(e-8) In cases involving reckless homicide in which the defendant was driving in a construction or maintenance zone, as defined in Section 11-605 of the Illinois Vehicle Code, and caused the deaths of 2 or more persons as part of a single course of conduct, the penalty is a Class 2 felony, for which a person, if sentenced to a term of imprisonment, shall be sentenced to a term of not less than 6 years and not more than 28 years.

Cited from the Unified Code of Corrections (730 ILCS 5/3-6-3(a)(2)), Truth in Sentencing provisions are described below:

(2.4) The rules and regulations on early release shall provide with respect to the offenses of aggravated battery with a machine gun or a firearm equipped with any device or attachment designed or used for silencing the report of a firearm or aggravated discharge of a machine gun or a firearm equipped with any device or attachment designed or used for silencing the report of a firearm, committed on or after the effective date of this amendatory Act of 1999, that a prisoner serving a sentence for any of these offenses shall receive no more than 4.5 days of good conduct credit for each month of his or her sentence of imprisonment.

(2.5) The rules and regulations on early release shall provide that a prisoner who is serving a sentence for aggravated arson committed on or after the effective date of this amendatory Act of the 92nd General Assembly shall receive no more than 4.5 days of good conduct credit for each month of his or her sentence of imprisonment.
720 ILCS 5/12 4.1 Heinous Battery.

A person who, in committing a battery, knowingly causes severe and permanent disability, great bodily harm or disfigurement by means of a caustic or flammable substance, a poisonous gas, a deadly biological or chemical contaminant or agent, a radioactive substance, or a bomb or explosive compound commits heinous battery.
What is "Aggravated Battery?" Here's a possibly relevant snippet:
A person who, in committing a battery, intentionally or knowingly causes great bodily harm, or permanent disability or disfigurement commits aggravated battery.... (If the person) is, or the person battered is, on or about a public way, public property or public place of accommodation or amusement.
.
Posted at 09:00:53 PM in COLUMNS


(First off, thanks to Chicago’s John Ellis, for packaging and sending me the first article. Note that:

1. In some American jurisdictions, attempted murder can get you a max of 30 years inside, more than murder 2, which typically runs 25-to-life. That may make no sense, but it is what is.

2. This was a case of robbery, assault, and attempted murder against Jennifer Hall, and assault against Joe Hoffman. Thus, each of the middle-aged assailants should have been sentenced to at least 20 years in prison.

3. Note that the weapon in these attempted murders was a sneaker. During the Jena Hoax, black supremacist race hoaxer and extortionist Al Sharpton held up a sneaker to a crowd of black supremacists, mocking the idea that it could be a murder weapon. In the Jena case, racist black persistent felony offender and previous four-time loser Mychal Bell had sucker punched from behind, and knocked out white classmate Justin Barker, when Barker’s head slammed into a concrete pillar, and then sought to stomp the unconscious Barker to death with his sneaker-clad foot. Barker survived, no thanks to Bell, but stomping whites to death is one of racist blacks’ favorite ways of murdering whites.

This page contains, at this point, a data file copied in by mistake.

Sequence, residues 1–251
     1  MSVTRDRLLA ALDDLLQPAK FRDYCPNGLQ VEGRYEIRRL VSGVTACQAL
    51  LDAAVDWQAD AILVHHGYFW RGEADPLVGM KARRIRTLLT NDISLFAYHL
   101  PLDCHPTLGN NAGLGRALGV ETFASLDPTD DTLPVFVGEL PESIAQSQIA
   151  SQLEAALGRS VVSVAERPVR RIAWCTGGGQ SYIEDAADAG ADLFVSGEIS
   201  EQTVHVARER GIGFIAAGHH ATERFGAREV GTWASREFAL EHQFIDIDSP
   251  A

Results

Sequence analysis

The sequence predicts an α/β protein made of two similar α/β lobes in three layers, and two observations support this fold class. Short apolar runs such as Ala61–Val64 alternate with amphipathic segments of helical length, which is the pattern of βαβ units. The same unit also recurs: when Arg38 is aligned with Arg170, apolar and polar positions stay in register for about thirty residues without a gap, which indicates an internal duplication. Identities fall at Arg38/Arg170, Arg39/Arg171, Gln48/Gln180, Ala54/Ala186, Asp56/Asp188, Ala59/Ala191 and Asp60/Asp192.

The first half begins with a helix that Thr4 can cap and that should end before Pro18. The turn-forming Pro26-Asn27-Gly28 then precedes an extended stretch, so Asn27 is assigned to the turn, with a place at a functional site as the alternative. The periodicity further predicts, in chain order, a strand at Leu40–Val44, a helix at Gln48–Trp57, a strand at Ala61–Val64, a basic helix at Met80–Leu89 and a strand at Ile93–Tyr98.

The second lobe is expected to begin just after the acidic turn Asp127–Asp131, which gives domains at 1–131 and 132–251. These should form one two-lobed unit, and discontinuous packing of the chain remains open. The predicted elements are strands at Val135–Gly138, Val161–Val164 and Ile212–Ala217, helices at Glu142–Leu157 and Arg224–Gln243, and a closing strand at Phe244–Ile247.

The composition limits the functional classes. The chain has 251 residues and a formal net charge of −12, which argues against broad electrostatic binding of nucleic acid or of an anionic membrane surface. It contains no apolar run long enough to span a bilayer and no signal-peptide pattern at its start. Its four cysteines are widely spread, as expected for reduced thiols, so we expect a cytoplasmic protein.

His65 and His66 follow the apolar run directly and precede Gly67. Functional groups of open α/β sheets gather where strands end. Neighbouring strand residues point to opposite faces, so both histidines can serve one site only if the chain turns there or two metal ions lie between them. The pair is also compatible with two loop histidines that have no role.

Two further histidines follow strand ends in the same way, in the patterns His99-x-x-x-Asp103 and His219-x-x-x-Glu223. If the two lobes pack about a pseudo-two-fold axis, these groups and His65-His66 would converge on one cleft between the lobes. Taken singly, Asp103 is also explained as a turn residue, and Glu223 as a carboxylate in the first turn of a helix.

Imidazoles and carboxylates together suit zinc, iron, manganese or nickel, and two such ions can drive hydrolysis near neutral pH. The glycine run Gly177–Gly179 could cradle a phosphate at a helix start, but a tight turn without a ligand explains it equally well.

4. Never completely turn your back on a panhandler, especially a black panhandler, or any person bothering you on the street, until you are a safe distance away. Either back away, or walk on an angle, at first, watching the character or characters out of the side of your eye. Anyone who might suggest that such a posture suggests fear, has things bassackwards. In New York City for well over 30 years, whites have been avoiding looking at racist blacks out of fear. This fear is so bad that that it has been codified into a “rule”: “Never look anyone in the eye.” In public, this rule is always stated in color-blind language, but in private, people say—or at least they did during the 1970s, when I heard it at college in the Catskills from a neighbor from Brooklyn—“Never look a black in the eye.” But not looking a black in the eye can get you killed. Racist blacks (and to a lesser degree, Hispanics) routinely stare at whites, to see if they’ll look away, as a prelude to sucker punching them. And that sucker punch, if successful, will almost always win the confrontation for the racist thug. I should know; I’ve been sucker punched a few times in my life, by racist blacks and Hispanics, and I’ve ducked many an attempted sucker punch.)

3 comments:

NiviusVir said...

I am truly sick to my stomach after reading of the injustice of the King case.

I was familiar with the case, but I was not aware of subsequent injustice.

Thanks for the post,
Niv

Anonymous said...

The problem was that the prosecutors allowed King to be convicted of robbery. They cut him a deal! Instead of going to trial with this solid case, the prosecutors allowed him to plead to a far lesser, non-violent crime. Had King been charged of a violent crime King never would have been eligible for MGT Push. Please place blame where blame is due.

And now we have Justin Boulay who murdered his girlfriend, confessed to the crime, and was convicted of 1st degree murder. And yet he was just released after spending only 12 years in prison. Why? Because the law he was sentenced under was later declared unconstitutional and all of the sentences applied under that law were revised. Instead of revising them in a way that preserved the original intent the convicts were simply given day-for-day good time. So Boulay, who should have done 100% of his 24-year sentence in prison, was allowed to do only 50%. This is just as much of a travesty as the grossly inadequate conviction and sentencing of Derrick King.

Nicholas Stix said...

Sure thing, Niv.